Galloping Goose Regional Trail
The Galloping Goose Regional Trail developed from a disused railway line begins at the Johnson Street bridge in downtown Victoria and goes in two directions. One direction goes to the Vancouver ferry terminal at Swartz Bay, 35km away. And the other 55km through the Western Communities, out past Sooke ending near the ghost town, Leechtown. The downtown portions of the trail are paved, however, past that the trail is packed down gravel and hard dirt trail. There are convenient kilometre markers all along the trail emanating from the Johnson Street starting point.
As popular for joggers as it is for walkers, hikers and cyclists, from downtown Victoria the Galloping Goose Trail is immediately impressive. The Selkirk Trestle, a ridiculously extravagant and long bridge spans the ocean inlet that branches off from the Inner Harbour. This beautiful, 300 metre long and several metres wide bridge is almost entirely constructed of wood. Large fir and hemlock beams that are perfectly suited to the start of a trail rich in history and in a city that is almost always beautiful. It doesn't matter if it is a gorgeous sunny day or a dreary and rainy day. Crossing the Selkirk Trestle in any weather is pretty, and that is just the first 5 minutes of the marvellous Galloping Goose Trail.
A hugely popular bike trail, the Galloping Goose gets its name from the train that used to run between Victoria and Sooke, a century ago. The train tracks are long gone, but the route remains. Now the Galloping Goose is part of the enormous Trans Canada Trail. The 15000 kilometre, multi-use trail stretches from coast to coast. There are endless variations to hiking, biking, walking and running the Galloping Goose Trail. There are dozens of good access points and many of them have dedicated free parking lots(see the maps for parking). Heading out from downtown Victoria you pass by several of Victoria's best hikes and hiking attractions. Fort Rodd Hill National Historic Park is just a short detour from the Galloping Goose Trail and well worth it. On a bike, the detour to Fort Rodd Hill is just 10 minutes. is astonishingly beautiful and incredibly interesting as a tourist attraction in Victoria that most never see. This fact is amazing as it is wonderful and unquestionably, or at least arguably, as good or better than any other attraction around. And at $3.90, what a phenomenal deal. You can crawl all over all the real pre World War I era defensive structures and even play with and all but fire a genuine World War II Anti-Aircraft Gun... which astonishingly is in the parking lot. Fort Rodd Hill has so much to see it spills onto the parking lot. What unbelievable place! Though you could make your way through at a rushed pace in about 30 minutes, expect to take over two hours at a moderate pace as there is such an astonishingly huge amount to see. The three connecting parks, Mill Hill, Thetis Lake and Francis/King are also fairly convenient side trips. East Sooke Park involves quite a detour, however if you access the Galloping Goose Trail from one of the trailheads near East Sooke Park, then including it in a day-trip is definitely feasible. Sooke Potholes is usually the end of the trail for most as it is quite an amazing and worthy goal and destination. The Sooke Potholes are a beautiful and unique place to see. Fantastic for swimming, though always very cold. Mill Hill Regional Park is a well hidden though wonderfully short hike to amazing views of Victoria, Esquimalt and the Western Communities. The hike is only 15 minutes to the summit with a branching trail that leads to Thetis Lake Park.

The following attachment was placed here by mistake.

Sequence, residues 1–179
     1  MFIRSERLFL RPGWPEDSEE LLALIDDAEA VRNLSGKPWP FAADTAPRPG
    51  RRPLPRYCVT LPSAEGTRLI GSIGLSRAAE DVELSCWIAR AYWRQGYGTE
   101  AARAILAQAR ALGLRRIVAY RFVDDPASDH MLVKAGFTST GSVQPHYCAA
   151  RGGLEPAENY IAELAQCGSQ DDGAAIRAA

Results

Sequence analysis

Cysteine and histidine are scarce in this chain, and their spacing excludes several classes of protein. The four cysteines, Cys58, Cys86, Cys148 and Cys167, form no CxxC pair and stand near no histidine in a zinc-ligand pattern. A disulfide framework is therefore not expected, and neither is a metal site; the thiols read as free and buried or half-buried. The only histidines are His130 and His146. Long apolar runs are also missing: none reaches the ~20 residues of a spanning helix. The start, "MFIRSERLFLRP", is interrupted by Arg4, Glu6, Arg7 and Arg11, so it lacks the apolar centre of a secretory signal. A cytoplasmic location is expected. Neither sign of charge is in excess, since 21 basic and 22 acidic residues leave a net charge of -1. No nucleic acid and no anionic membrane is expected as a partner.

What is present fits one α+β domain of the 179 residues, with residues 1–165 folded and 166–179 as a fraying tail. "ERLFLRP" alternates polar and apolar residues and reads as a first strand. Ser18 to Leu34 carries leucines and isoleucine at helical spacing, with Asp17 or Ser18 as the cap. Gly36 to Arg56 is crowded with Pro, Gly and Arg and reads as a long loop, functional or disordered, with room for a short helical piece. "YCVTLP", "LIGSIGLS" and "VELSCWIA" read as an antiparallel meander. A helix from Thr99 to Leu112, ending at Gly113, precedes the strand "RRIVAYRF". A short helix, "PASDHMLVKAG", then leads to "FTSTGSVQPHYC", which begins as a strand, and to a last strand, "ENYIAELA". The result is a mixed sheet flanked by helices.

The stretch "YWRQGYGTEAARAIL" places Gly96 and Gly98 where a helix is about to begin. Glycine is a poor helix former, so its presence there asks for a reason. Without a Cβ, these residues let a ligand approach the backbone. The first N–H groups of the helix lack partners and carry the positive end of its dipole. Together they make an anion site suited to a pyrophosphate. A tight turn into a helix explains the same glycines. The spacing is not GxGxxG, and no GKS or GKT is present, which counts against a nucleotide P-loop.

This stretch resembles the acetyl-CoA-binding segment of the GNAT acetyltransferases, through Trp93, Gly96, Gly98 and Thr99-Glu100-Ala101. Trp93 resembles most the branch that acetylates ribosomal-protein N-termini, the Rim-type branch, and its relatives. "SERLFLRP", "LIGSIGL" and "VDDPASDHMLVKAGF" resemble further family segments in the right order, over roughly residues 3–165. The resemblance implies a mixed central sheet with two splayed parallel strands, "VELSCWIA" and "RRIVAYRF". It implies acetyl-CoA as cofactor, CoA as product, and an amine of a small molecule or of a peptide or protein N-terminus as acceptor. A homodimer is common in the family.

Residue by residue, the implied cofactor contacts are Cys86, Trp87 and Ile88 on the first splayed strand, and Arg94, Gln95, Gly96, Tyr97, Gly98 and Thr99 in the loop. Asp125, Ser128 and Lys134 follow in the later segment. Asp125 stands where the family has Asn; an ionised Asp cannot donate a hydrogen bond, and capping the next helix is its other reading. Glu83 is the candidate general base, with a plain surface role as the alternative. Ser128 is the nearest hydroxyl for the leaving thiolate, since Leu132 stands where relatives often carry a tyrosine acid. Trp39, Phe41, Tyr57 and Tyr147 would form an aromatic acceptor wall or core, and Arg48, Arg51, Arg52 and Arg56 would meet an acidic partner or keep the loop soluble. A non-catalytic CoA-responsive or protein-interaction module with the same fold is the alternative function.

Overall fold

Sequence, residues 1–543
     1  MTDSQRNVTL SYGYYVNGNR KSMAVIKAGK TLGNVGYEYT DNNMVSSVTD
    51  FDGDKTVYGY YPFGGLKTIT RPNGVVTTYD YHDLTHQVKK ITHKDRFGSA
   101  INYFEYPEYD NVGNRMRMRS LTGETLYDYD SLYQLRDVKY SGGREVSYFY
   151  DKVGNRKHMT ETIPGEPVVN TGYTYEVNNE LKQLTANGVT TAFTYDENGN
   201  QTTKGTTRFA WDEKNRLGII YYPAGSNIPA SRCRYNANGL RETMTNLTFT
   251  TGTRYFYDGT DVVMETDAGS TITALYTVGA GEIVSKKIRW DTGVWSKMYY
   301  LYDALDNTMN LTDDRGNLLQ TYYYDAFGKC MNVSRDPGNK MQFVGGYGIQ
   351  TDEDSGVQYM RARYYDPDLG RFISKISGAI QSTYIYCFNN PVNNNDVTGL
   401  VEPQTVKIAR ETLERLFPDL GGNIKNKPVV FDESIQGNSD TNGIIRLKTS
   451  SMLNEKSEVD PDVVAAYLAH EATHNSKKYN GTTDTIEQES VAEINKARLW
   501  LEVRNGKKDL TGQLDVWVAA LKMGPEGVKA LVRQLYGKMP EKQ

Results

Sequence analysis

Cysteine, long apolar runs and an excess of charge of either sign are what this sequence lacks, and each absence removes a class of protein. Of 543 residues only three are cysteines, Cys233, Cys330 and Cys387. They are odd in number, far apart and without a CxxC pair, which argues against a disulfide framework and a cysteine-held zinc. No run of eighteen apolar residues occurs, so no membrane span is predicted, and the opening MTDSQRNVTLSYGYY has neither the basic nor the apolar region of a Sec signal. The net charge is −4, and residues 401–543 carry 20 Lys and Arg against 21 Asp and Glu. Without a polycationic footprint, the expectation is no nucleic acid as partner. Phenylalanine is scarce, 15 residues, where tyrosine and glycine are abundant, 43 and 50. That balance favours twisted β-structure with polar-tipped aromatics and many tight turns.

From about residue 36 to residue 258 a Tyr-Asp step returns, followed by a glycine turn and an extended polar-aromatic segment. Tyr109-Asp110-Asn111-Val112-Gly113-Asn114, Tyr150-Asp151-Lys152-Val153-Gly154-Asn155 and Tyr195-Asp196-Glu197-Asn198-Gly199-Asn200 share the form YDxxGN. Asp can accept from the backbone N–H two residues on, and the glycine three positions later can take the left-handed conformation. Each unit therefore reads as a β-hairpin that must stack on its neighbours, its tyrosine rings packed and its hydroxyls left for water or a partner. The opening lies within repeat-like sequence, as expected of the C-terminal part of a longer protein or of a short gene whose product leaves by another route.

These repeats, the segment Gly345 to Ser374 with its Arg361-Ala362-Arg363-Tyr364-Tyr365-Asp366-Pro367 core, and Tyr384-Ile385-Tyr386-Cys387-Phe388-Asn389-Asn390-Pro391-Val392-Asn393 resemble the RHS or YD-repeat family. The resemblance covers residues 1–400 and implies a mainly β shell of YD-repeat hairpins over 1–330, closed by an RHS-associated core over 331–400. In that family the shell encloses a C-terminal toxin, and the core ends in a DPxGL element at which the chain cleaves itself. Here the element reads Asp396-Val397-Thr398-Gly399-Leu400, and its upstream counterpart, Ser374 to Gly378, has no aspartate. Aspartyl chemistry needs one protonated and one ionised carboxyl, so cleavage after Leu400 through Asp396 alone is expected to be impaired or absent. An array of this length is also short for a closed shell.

Witty's Lagoon Regional Park is a great network of trails and boardwalks that meander through an impressive Douglas-fir forest leading to the wonderful beach at Witty's Lagoon. The trails total over 5k, however, can be hiked in smaller sections. Many just head to the beach and lagoon and avoid the trails, but the trails are well worth a look. The trails run around the lagoon with great ocean and wildlife scenery. Sitting Lady Falls is wonderfully viewed from the very nice boardwalk.
Expect to take two hours if you walk most of the trails and far more if you stay to explore the beach and lagoon. Witty's Lagoon is teeming with wildlife. Fresh water pours into the salt water lagoon enabling an astounding array of plant and animal life. Rock crabs, fish, clams, purple sea stars, seals and dozens of different types of birds can be reliably seen on every visit. With the wide variety of life at Witty's Lagoon there is an interpretive centre to help you identify it all. Free to visit and open everyday.
Sooke is a wonderful coastal town with amazingly deep and beautiful forests, lakes and rivers. The Sooke Potholes is an extraordinary example of this. Over thousands of years swirling water have created amazingly deep pools in this otherwise, massive and crashing river. This has created an astonishing river-world fun park of sorts. Cliffs, fallen trees, rock outcrops over the river. Nothing, including the river ever runs in anything close to a straight line. So many amazing vantage points, so many unbelievable swimming spots. If you are interested in venturing further, you can follow the potholes for quite a distance. About 3k in fact, as they snake through the river valley. East Sooke Regional Park is a convenient and easily accessible way to experience the wild, west coast of Vancouver Island. Weather blasted rocky cliffs, sandy beaches and deep coastal forest trails run throughout the park. Every few minutes along the coast you come to another startlingly desolate ocean vantage point. Everything about East Sooke Park is just great and should not be missed on a trip to Victoria anytime of the year.